News that's gone to the dogs

Who's a good Secret Service dog?! YOU ARE. Meet Jordan and Hurricane, the Belgian Malinois K9s who nabbed the latest White House fence jumper. The guard dogs are stealing the spotlight after the latest White House fence jumping, the Washington Post reports (5,095 shares and counting!).The Secret Service Twitter account has been sharing pictures of the dogs, as well as fascinating facts, like, you know, "enjoys his Kong toy" and "enjoys walks around the White House." Meanwhile, fallen Canadian soldier Nathan Cirillo's dogs seemingly wait for their master to return, and it creates too many feels to count (and too many shares, apparently, as well--94,544 as of this morning).

Lots of tweets being fussed over, too: The Queen tweeted her very first tweet and signed it "Elizabeth R.," the way she does all official documents (the "R" is for Regina, meaning "queen," for all you bemused Americans). So tweets count as official documents, then! Good to know. Unfortunately for the Queen, she was too late to "win Twitter," because Madeleine Albright already did that just hours before. Also, Deputy Chief of Staff for Ted Cruz tweeted and then tried to untweet this. Has anyone tried to make #Ebolacare trend, yet? (Don't click on that hashtag unless you really want to know the answer).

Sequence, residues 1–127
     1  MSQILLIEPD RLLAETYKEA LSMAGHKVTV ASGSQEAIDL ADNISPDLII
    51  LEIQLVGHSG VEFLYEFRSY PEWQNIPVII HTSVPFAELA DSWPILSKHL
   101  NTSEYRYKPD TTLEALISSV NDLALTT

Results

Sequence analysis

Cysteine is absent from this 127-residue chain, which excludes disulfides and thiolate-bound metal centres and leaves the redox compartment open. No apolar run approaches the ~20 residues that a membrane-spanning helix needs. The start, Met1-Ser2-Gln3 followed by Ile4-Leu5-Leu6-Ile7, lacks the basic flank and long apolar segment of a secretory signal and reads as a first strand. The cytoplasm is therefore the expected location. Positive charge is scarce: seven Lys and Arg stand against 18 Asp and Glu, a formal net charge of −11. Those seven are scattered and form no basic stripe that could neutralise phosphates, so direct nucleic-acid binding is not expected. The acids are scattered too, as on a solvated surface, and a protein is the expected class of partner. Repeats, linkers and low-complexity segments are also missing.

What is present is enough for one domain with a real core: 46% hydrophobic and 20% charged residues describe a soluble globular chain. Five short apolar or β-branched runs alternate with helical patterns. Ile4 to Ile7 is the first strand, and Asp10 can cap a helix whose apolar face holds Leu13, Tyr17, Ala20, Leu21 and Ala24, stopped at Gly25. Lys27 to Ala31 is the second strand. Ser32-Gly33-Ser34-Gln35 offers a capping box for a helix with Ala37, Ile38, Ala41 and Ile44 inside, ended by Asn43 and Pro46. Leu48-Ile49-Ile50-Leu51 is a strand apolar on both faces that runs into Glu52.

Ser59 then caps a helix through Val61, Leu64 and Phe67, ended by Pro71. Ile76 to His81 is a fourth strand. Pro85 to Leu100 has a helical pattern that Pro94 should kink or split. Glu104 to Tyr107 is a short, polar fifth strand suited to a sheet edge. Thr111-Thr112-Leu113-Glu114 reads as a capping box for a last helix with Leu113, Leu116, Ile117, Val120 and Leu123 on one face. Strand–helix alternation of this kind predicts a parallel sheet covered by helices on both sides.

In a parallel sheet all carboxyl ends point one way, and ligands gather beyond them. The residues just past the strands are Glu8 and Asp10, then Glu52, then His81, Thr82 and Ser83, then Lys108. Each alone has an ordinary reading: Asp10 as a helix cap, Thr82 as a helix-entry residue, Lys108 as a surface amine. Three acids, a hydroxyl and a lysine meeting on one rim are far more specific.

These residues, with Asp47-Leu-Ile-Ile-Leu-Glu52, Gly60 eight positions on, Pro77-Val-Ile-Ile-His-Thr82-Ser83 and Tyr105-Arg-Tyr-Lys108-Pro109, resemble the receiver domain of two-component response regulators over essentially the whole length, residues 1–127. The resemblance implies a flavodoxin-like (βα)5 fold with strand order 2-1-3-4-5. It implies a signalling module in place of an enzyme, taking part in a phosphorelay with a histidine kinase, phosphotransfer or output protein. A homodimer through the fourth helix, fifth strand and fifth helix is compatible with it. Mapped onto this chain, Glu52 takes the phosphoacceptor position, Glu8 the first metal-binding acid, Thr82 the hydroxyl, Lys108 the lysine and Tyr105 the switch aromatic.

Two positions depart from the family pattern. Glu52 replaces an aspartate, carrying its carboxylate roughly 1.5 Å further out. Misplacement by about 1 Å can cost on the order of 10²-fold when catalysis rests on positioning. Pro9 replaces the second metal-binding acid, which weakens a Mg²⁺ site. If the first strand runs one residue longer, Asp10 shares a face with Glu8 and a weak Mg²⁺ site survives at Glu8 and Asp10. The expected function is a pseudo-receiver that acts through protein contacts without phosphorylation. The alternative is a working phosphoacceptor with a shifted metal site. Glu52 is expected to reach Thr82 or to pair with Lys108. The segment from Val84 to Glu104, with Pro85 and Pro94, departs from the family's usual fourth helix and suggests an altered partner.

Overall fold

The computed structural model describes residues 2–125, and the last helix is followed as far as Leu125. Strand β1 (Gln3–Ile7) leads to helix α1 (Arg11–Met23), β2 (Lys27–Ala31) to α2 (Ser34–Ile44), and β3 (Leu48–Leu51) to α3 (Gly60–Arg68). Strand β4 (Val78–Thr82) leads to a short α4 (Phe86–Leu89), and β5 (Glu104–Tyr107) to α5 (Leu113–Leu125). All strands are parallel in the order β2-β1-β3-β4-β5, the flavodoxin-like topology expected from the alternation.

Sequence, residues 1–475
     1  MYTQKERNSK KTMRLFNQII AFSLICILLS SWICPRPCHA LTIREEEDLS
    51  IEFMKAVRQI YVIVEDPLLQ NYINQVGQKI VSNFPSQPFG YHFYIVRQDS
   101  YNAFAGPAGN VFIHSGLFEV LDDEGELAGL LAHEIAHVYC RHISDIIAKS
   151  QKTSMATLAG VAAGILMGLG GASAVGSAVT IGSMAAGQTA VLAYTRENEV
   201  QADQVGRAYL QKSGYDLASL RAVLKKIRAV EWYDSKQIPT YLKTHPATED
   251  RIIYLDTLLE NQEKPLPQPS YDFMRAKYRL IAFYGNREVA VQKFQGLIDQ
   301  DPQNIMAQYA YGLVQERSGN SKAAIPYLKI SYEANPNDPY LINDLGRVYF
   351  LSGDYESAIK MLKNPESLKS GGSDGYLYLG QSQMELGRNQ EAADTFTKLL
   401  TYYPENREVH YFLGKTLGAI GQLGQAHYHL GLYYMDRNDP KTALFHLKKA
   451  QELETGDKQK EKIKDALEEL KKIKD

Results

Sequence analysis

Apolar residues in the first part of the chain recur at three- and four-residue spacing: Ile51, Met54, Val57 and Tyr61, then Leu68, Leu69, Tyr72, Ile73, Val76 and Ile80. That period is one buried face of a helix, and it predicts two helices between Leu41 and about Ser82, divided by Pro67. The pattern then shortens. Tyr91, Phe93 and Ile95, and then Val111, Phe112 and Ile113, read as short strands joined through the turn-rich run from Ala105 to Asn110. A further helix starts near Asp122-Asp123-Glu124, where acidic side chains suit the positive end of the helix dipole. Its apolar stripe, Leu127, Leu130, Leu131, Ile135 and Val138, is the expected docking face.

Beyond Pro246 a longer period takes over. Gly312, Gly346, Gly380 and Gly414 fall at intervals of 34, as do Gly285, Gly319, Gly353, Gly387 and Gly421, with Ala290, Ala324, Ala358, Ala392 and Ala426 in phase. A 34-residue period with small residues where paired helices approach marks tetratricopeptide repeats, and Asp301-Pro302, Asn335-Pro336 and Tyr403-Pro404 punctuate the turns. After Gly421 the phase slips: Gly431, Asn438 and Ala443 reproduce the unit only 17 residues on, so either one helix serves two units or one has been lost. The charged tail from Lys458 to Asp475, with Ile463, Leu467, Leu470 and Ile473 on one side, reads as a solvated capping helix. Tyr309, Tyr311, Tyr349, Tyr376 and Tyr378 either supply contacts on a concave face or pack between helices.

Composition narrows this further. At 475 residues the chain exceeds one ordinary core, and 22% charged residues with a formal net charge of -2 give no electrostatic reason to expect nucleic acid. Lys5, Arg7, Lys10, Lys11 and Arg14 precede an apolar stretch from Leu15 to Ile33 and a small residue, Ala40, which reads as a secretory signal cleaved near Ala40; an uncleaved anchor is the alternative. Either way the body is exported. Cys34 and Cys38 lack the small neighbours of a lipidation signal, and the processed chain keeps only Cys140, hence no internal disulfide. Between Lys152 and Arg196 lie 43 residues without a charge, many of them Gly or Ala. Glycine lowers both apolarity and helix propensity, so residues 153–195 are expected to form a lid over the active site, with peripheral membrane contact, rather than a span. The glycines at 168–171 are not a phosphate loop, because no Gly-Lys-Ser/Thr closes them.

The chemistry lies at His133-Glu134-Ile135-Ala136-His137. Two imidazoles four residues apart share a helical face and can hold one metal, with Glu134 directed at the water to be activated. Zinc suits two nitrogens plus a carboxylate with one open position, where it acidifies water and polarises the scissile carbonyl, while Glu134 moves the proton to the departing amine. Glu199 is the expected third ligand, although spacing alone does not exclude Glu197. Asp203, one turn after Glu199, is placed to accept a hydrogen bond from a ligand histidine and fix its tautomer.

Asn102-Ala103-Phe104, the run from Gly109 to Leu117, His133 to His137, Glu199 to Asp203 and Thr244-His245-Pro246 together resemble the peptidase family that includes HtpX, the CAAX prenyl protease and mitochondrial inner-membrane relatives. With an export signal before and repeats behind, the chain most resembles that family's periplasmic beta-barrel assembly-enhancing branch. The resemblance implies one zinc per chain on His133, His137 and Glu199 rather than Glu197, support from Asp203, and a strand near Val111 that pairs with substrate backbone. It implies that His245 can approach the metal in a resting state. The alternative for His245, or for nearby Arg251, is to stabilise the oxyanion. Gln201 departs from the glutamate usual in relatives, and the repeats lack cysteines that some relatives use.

Here's a tale of the New York tabloid detente that wasn't (119 shares). "So, @nydailynews and @nypost have talked about lots of things--including a merger," notices Tom McGeveran at Capital New York.

Distressing read of the day: meet the medical reporter who took a part-time job at McDonald’s to make ends meet (710 shares). "Never met @DeanOlsenSJR, but I respect his work. Respect him more now for his commitment to family," journalist Andrew Wang admits.

And if that's not bad enough, the FBI is warning news outlets that a group affiliated with Islamic State is targeting journalists for kidnapping (555 shares).

News Corp might have a senior US post ready for scandal-hounded former editor Rebekah Brooks, shockingly enough (which is to say, not at all).

Lastly, one more important media read of the day: Columbia Journalism Review explores the difficult task of verifying news out of Hong Kong (81 shares).

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